Umair Haque is Director of Havas Media Labs and author of Betterness: Economics for Humans and The New Capitalist Manifesto: Building a Disruptively Better Business. He is ranked one of the world’s most influential management thinkers by Thinkers50. Follow him on twitter @umairh.
How would you define a good life? It’s a bafflingly tough question. An even tougher one: does the economy we have today value such a life? Does it help us create one?
Here’s what I see when I look not just at the surface, but deep inside the heart of the economy today:
Instead of an “energy industry,” I see a resource addiction that saps
money and preserves self-destructive expectations. I see, instead of
food and education “industries,” an obesity epidemic and a debt-driven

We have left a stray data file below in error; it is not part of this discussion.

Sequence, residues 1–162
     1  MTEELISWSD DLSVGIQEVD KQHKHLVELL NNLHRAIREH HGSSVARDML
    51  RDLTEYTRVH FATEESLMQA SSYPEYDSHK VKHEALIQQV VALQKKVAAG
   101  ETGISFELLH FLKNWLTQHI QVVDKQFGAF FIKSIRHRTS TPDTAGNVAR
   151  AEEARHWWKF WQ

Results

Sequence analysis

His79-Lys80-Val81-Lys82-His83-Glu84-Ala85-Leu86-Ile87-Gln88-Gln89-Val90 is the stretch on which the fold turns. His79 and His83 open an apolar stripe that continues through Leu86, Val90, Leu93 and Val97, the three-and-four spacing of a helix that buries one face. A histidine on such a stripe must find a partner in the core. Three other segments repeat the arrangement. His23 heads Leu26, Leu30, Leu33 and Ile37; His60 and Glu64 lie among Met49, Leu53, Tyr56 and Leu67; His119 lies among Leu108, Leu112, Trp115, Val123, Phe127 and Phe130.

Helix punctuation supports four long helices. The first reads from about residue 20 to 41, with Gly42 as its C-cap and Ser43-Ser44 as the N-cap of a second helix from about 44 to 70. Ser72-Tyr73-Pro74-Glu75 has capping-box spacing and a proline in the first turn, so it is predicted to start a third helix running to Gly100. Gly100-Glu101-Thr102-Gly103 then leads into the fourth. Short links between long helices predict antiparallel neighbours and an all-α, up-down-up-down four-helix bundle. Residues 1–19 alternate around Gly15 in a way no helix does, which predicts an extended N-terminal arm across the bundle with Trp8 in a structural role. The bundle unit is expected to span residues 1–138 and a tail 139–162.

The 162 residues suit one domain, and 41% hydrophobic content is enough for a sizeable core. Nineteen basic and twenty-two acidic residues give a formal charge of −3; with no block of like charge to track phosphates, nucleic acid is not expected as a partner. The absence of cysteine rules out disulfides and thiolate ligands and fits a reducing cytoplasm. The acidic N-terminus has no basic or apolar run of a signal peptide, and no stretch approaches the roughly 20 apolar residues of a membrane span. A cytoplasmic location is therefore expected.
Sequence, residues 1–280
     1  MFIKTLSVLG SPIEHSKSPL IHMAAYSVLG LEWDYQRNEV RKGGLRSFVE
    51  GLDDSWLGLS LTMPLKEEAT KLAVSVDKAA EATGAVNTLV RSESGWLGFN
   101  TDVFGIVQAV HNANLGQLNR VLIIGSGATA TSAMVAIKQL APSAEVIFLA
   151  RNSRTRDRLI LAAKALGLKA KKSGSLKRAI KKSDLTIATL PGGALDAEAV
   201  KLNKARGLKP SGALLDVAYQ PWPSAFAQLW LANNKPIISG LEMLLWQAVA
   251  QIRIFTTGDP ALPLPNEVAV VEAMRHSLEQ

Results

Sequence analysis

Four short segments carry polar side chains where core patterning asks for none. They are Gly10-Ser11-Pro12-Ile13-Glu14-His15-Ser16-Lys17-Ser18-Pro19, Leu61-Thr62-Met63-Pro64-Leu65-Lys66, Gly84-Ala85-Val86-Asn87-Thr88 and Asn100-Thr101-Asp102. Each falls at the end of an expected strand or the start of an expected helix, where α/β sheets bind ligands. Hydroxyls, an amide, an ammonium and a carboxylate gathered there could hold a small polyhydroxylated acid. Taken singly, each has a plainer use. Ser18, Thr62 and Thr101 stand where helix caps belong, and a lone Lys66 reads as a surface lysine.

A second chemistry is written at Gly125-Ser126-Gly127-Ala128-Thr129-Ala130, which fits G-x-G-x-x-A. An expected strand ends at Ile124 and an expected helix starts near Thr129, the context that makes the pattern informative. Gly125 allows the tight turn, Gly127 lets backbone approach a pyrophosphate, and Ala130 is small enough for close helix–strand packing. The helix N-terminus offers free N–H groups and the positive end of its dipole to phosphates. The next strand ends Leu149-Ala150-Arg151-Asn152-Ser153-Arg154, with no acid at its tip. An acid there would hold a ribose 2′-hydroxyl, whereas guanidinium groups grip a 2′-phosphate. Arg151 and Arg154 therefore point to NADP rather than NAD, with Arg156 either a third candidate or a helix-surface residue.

education crisis. Instead of a pharmaceutical industry, I see a new set
of mental and physical discontents, like rates of suspiciously normally
“abnormal” mental illnesses and drugs whose lists of “side effects” are
longer than the Magna Carta. Instead of a “media industry,” I see news that actually misinforms instead of enlightening – rusting the beams of democracy – and entertainment that merely titillates.
In short, I see an outcomes gap: a yawning chasm the size of the Grand Canyon between what our economy produces and what you might call a meaningfully well-lived life, what the ancient Greeks called eudaimonia...